Home Gadgets Passkeys, a passwordless sign-in technology, arrived in iOS 16

Passkeys, a passwordless sign-in technology, arrived in iOS 16


This story is a part WWDC 2022CNET’s complete coverage of Apple’s annual developer conference.

What is happening

This year, Apple and Google are updating their phone software and web browsers with a technology called passkeys, which is designed to be easier to use and more secure than passwords.

Why it matters

Passwords face challenges, but tech giants have teamed up to develop a practical alternative that reduces vulnerabilities and hacking risks.

Z iOS 16 release on MondayApple has introduced support for Passkeys, a new sign-in technology that promises to be more secure than passwords in protecting access to our bank accounts and email. Apple demonstrated access keys at the World Developers Conference and said they would come iOS 16 and MacOS Ventura this fall, and they come to Android from Google and for web browsers as well.

Access keys are just as easy – maybe easier – to use than passwords. They replace the many keystrokes required for passwords with biometric verification on our phones or computers. They also stop phishing attacks and eliminate the complications of two-factor authentication, such as SMS codes, which reinforce the weaknesses of the password system.

After you set up a passkey for a site or app, it’s saved on the phone or PC you used to set it up. Services such as Apple’s iCloud Keychain or Google’s Chrome Password Manager can sync access keys across your devices. Dozens of technology companies have developed open standards behind access keys in a group called FIDO Alliancewhich in May, access keys were announced.

“Now is the time to embrace them,” said Garrett Davidson, Apple’s authentication technology engineer. WWDC talks about access keys. “With access keys, not only is the user experience better than with passwords, but entire categories of security—such as weak and reused credentials, credential leakage, and phishing—are no longer possible.”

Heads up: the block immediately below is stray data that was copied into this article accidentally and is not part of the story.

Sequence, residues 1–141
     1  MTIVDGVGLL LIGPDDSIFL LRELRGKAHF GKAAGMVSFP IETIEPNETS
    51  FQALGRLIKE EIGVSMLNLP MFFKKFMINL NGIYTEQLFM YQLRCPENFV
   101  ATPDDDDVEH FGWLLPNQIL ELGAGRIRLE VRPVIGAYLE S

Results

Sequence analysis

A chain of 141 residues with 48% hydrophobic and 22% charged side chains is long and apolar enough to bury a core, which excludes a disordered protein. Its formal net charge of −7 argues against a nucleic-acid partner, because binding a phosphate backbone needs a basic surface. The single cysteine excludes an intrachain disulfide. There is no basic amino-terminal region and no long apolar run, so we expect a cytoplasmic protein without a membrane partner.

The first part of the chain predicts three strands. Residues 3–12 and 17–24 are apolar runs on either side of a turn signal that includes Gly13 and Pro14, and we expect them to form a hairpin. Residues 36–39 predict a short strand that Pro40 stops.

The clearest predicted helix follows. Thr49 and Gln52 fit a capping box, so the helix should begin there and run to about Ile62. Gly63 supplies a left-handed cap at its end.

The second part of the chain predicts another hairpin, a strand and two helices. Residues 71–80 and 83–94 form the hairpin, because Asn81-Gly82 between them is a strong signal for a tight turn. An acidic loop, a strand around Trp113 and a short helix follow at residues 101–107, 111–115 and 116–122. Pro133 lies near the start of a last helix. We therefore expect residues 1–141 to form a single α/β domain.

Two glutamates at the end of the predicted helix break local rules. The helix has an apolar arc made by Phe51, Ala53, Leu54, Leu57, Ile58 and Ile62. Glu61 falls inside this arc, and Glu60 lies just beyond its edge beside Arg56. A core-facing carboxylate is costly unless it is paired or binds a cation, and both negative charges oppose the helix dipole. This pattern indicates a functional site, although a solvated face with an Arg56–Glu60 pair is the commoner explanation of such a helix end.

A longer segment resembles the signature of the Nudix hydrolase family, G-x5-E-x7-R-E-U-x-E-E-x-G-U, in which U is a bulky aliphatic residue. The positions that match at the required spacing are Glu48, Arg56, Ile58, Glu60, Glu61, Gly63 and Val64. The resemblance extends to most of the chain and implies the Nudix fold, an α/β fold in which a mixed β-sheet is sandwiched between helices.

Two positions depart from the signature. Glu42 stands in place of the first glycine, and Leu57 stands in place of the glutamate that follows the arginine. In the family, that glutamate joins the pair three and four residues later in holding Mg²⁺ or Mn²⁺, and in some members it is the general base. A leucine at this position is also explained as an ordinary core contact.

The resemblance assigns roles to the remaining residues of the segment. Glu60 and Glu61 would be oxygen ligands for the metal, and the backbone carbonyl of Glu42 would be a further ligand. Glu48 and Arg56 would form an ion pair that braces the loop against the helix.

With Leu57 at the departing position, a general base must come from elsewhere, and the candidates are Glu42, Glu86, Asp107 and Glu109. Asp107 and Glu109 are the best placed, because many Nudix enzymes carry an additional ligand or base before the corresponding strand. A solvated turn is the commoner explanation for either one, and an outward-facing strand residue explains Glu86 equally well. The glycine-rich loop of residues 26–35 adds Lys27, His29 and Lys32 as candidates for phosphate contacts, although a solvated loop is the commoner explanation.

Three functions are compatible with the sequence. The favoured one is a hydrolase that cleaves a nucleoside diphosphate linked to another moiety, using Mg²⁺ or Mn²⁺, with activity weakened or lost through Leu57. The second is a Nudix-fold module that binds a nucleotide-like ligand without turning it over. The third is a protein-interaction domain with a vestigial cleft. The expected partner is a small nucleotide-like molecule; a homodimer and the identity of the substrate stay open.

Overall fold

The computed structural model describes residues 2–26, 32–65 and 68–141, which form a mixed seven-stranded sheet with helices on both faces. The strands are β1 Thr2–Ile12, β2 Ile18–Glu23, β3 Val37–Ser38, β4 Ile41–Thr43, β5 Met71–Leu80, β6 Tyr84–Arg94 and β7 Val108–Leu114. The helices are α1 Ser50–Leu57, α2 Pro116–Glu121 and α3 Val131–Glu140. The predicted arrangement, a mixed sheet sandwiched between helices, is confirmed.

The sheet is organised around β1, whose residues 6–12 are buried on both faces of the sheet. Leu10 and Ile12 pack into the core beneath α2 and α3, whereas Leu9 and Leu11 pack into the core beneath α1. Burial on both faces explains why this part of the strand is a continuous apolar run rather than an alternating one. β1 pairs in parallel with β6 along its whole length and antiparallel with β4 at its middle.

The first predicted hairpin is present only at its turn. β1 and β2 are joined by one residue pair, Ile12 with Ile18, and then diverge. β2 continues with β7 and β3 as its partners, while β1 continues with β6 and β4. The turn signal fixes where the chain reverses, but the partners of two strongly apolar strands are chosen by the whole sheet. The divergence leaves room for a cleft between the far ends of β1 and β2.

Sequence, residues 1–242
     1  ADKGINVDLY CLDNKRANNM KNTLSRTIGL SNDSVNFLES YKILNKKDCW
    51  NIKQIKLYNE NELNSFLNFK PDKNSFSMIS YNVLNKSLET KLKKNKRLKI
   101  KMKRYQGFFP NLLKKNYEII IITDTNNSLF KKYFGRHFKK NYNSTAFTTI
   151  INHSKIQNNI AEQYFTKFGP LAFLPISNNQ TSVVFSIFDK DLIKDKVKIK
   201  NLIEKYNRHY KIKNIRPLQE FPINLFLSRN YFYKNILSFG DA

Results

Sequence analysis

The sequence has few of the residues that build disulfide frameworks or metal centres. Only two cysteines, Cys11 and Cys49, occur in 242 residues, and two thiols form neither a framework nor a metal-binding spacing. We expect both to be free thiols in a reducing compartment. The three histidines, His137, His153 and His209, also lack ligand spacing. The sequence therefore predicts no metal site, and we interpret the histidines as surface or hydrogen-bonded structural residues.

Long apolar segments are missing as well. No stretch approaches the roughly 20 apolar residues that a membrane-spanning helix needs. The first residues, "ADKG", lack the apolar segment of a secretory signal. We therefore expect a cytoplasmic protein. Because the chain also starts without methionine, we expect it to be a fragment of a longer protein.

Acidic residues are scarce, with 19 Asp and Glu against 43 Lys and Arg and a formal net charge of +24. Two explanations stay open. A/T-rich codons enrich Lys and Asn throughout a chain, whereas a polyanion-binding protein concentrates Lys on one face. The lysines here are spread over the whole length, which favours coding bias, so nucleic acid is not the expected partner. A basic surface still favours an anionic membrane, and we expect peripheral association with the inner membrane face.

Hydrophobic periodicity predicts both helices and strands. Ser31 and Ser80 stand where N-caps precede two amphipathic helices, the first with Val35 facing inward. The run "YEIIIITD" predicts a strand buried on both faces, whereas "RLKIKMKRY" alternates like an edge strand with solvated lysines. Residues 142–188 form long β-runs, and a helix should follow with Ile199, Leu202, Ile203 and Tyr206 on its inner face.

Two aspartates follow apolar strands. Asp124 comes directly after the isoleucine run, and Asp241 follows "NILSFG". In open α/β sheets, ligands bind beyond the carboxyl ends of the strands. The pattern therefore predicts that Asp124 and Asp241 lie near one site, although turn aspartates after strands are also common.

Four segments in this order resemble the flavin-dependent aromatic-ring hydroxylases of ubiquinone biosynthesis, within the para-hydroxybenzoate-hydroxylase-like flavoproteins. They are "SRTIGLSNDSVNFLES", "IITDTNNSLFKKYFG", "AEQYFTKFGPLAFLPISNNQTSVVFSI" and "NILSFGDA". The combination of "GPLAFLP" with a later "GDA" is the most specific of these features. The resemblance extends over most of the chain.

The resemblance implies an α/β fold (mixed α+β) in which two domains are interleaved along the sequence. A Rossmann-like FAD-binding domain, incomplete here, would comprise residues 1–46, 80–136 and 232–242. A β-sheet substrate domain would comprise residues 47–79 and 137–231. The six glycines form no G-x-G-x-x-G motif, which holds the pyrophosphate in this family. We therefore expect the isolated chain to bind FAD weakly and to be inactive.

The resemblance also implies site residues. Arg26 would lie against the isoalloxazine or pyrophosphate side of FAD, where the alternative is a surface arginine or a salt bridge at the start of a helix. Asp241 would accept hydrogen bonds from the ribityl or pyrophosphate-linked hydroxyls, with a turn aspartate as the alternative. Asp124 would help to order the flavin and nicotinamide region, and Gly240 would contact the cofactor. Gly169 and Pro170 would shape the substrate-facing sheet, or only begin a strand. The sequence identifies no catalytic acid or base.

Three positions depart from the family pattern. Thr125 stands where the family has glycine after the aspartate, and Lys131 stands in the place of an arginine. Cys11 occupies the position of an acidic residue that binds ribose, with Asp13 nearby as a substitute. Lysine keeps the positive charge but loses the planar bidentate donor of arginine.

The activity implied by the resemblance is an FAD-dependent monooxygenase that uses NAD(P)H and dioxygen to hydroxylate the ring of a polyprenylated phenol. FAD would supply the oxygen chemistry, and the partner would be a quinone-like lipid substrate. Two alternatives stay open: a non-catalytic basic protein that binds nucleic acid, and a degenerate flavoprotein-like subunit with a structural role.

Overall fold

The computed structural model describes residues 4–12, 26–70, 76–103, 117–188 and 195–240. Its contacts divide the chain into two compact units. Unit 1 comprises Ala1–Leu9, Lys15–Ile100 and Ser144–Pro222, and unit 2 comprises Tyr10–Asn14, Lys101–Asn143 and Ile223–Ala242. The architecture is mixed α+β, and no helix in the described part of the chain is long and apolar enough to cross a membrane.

You need to spend some time learning before the access keys can reach their full potential. You also need to decide whether Apple, Microsoft or Google is the best option for you.

Here’s a look at the technology.

What is an access key?

This is a new type of login credential that consists of a small amount of digital data that your PC or phone uses when you log in to a server. You approve each use of this data through an authentication step, such as fingerprint verification, facial recognition, a PIN, or a login pattern familiar to Android phone owners.

Here’s the catch: You need to have your phone or computer with you to use the passkeys. You can’t sign in to a passkey-protected account from a friend’s computer without your own device.

Access keys are synchronized and backed up. When you get a new Android phone or iPhone, Google and Apple can reset your passkeys. With end-to-end encryption, Google and Apple cannot see or change access keys. Apple designed its system for keep access keys safe even if an attacker or an Apple employee compromises your iCloud account.

How does the passkey setup work?

It’s pretty simple. Use your fingerprint, face, or other mechanism to authenticate your access key when a website or app prompts you to set one up. That’s all.

These steps show you how to sign in with passkeys on your Android phone: Select the passkey option, select the appropriate passkey, and authenticate with your fingerprint ID. Facial recognition is also an option on compatible phones.


How do I use a passkey to sign in?

When using the phone, the passkey authentication option will appear when you try to sign in to the app. Tap that option, use your chosen authentication method, and you’re all set.

For websites, you should see an access key option in the username field. After that, the process is the same.

If you have a passkey on your phone, you can use it to facilitate access to another device nearby, such as your laptop. Once you’re signed in, this website may offer to create a new passkey associated with the new device.

What if I need to log in to a website using someone else’s computer?

You can use the passkey saved on your phone to sign in to another device nearby, such as a laptop you’re borrowing. The login screen on the borrowed laptop will have the option to present a QR code that can be scanned with your phone. You’ll use Bluetooth to make sure your phone and computer are near each other, then let you use fingerprint or Face ID verification on your own phone. Your phone will then connect to your computer over a secure connection to complete the authentication process.